Beat Bike Theft with New GPS Tech TrackR
Bike theft is becoming a much too common occurrence in big cities and bike dominant areas. Despite the new technologies in locks, it seems that people can always find a way to steal, if they really want to. But, a new tracking device has your back. The TrackR Bravo is a tiny chip, the size of a coin, that you can use on just about anything, including a bike.
The trick to this tracking device is that it uses a new technology called Crowd GPS. There are many devices out there that use Bluetooth to keep track of your items. The problem is that when an item (like a stolen bike) goes out of range, the Bluetooth does not work properly. With TrackR, it uses peer-to-peer communication to find the location of your TrackR. Basically, a nearby phone with the TrackR app sees the device and lets you know, giving an unlimited range for finding your device.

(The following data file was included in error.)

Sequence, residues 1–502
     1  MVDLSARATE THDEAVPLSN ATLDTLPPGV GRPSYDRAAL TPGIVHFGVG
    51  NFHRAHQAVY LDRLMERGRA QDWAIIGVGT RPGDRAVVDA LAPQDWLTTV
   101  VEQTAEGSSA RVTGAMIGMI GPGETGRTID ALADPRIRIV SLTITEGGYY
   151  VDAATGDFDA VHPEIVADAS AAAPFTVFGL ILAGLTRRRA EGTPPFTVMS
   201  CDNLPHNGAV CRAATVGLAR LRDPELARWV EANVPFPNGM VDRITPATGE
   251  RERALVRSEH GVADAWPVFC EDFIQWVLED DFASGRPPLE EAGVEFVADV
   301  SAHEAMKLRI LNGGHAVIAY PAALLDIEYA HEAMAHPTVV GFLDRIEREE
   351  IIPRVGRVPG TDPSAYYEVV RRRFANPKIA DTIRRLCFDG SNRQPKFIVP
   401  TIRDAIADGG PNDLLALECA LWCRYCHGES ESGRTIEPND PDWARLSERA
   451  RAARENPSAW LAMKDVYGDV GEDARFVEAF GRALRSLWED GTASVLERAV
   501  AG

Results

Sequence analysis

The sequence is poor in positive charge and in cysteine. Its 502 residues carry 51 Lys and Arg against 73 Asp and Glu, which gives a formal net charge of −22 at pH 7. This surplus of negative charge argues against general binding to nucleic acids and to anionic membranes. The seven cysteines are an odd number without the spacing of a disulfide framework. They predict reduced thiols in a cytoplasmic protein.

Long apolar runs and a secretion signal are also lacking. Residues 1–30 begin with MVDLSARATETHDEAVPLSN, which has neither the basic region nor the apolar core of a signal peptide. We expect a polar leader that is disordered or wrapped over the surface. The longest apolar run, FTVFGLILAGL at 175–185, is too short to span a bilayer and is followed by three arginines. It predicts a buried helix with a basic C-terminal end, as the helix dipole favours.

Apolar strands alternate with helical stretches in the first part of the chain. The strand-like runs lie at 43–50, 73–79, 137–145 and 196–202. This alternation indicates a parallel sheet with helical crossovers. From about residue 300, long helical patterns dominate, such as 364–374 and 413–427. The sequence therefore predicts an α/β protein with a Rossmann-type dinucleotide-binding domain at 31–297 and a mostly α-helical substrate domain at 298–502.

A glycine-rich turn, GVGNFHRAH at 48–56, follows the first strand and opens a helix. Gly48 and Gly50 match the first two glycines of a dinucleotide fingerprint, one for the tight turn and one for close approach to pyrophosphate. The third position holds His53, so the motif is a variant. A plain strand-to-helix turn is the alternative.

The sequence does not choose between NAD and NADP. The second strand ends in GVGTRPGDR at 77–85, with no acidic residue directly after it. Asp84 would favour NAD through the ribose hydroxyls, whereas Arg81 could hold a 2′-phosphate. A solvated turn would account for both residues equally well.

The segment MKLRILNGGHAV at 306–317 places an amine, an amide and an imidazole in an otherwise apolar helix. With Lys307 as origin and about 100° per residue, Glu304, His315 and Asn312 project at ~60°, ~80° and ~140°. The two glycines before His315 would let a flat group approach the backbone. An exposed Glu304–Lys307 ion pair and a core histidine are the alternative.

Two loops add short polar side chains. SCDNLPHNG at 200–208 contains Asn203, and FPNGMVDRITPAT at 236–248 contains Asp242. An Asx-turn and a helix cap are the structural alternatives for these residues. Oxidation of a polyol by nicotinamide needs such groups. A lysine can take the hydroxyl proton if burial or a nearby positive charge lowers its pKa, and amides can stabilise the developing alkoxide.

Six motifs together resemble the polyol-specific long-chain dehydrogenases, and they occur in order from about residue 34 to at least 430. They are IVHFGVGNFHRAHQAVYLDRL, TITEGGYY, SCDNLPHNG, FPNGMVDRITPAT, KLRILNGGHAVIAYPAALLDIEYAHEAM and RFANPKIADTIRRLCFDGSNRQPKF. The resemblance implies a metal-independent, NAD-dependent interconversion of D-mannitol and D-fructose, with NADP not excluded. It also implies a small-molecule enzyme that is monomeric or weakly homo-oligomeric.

TrackR is discreet too. It sticks right underneath your bike seat, so thieves won’t even notice anything there. And the TrackR is great for other items too. It has a key loop to attach to your keys, or a pet’s collar. It is thin and small enough to fit in a wallet or on your laptop. TrackR claims to be the thinnest tracking device ever. Earning more than 1 million dollars of their goal on Indiegogo, this tiny device is exciting everyone.
And with any exciting prospect comes negative feedback. Just last week, TrackR tweeted out a photo of a women’s legs aside a cruiser bike with the comment, “Find your bike if it gets stolen with the world’s thinnest tracking device!” Many were not pleased with the photo, and comments streamed such as @antimonysarah who wrote, “@TheTrackR and amid all the gaming-sexism-discussions, today in sexist advertising the winner goes to the bike industry again…”
Though we may not agree with their choice of advertising, the idea of protecting our beloved bikes is a concept we can all get behind. And for only $29, it is a concept that is darn affordable too.
The creators even put TrackR to the test in Isla Vista, the bike theft capital of California. And it worked! In no time, the bike was found in someone’s bike hoarding yard. See for yourself below.